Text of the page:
CEP&S - Changements Environnementaux Planétaires et Sociétés

Expansion and transmission of M ulcerans in changing environments: multidisciplinary studies – EXTRA-MU

Submission summary

The last twenty years have seen the emergence or rediscovery of Buruli ulcer disease, a devastating skin infection caused by Mycobacterium ulcerans. This disease is characterized by progressive dermis infection causing extensive ulcerated lesions. Complications occur when bones, tendons are affected, and more than 50% of cases present incapacities after healing without additional care. It was described first in Uganda in the 60s and Central Africa, and is emerging in rural West Africa.

M. ulcerans is an aquatic environmental mycobacterium, distantly related to M. tuberculosis and M. leprae. Its transmission route remains elusive, but the water environment has been shown to play a major role in its focal distribution. In Ghana and Ivory Coast, two countries most affected by this disease, national scale studies have shown that the regions most impacted by the disease were the same regions where dams had been constructed and where irrigated agriculture was most developed. It is therefore suspected that the emergence of Buruli ulcer is related to the profound environmental modifications undergone by rural African landscapes over the last decades.

The aim of this project is to investigate the global correlations observed between human-made environmental changes such as dams, irrigation/agriculture, deforestation and endemic foci of this disease. The relationship between Buruli ulcer disease and environmental changes will be addressed in two historically endemic regions in different climates (equatorial and subtropical in Cameroon and Benin, respectively) and one newly discovered endemic focus close to a dam (in Cameroon).

The program originality relies on the simultaneous collection of environmental, entomological, epidemiological and microbiological data from the same field study sites, their parallel processing by various methods and their final integration through mapping and modelling. Several disciplinary fields will interact and complement each other strongly during data collection and at every step of each task: environmental scientists specializing in ecology and geomatics will work closely with field botanists, entomologists and biologists, as well as epidemiologists, anthropologists and microbiologists. Most have a long history of collaborative work on Buruli ulcer attested by a large number of co-authored scientific publications.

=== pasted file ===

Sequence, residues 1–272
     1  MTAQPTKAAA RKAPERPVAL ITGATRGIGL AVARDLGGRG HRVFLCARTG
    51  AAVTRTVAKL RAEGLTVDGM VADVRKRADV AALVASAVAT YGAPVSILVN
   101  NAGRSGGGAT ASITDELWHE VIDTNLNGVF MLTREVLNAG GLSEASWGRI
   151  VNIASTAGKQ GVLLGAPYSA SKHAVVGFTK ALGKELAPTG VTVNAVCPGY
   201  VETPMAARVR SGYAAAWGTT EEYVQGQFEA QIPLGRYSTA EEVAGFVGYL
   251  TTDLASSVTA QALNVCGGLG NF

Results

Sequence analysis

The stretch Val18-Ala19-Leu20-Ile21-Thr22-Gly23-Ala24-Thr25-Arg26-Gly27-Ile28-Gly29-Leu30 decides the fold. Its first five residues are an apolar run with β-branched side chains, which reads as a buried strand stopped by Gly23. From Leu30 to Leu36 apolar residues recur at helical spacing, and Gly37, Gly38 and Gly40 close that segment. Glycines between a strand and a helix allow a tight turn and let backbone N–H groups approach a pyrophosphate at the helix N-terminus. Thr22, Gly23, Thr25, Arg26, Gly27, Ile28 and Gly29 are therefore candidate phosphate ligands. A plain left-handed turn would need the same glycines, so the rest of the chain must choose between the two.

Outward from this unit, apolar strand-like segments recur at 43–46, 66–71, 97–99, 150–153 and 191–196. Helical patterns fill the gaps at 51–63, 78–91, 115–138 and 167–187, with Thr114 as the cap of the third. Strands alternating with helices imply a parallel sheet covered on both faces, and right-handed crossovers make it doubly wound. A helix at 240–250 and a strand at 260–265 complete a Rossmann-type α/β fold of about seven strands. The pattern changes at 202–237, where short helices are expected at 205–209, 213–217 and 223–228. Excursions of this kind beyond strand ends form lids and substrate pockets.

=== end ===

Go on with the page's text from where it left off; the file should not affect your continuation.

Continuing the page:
Finally, maps of M. ulcerans presence probability, as well as of M. ulcerans exposure risk will be produced at the regional scale and tentatively expanded at the national or supranational scale. Furthermore, understanding of the seasonal dynamics of M. ulcerans presence in the environment will allow recommendations to help population to prevent the disease in endemic regions and to limit the impact of environmental modifications on its spread. These space-time data on M. ulcerans presence and Buruli ulcer disease risk will be designed to be easily handled by public health actors, such as national Buruli ulcer control program officials or NGO personnel. This mapping will allow targeting of interventions such as active case detection or awareness campaigns to the areas identified as presenting the greatest risks. Feedback from Buruli ulcer diagnostic and treatment programs will allow model fine-tuning using field data.

Project coordinator

Monsieur Arnaud FONTANET (INSTITUT PASTEUR) – arnaud.fontanet@pasteur.fr

The author of this summary is the project coordinator, who is responsible for the content of this summary. The ANR declines any responsibility as for its contents.


CPC Centre Pasteur du Cameroun

Help of the ANR 494,548 euros
Beginning and duration of the scientific project: October 2011 - 36 Months

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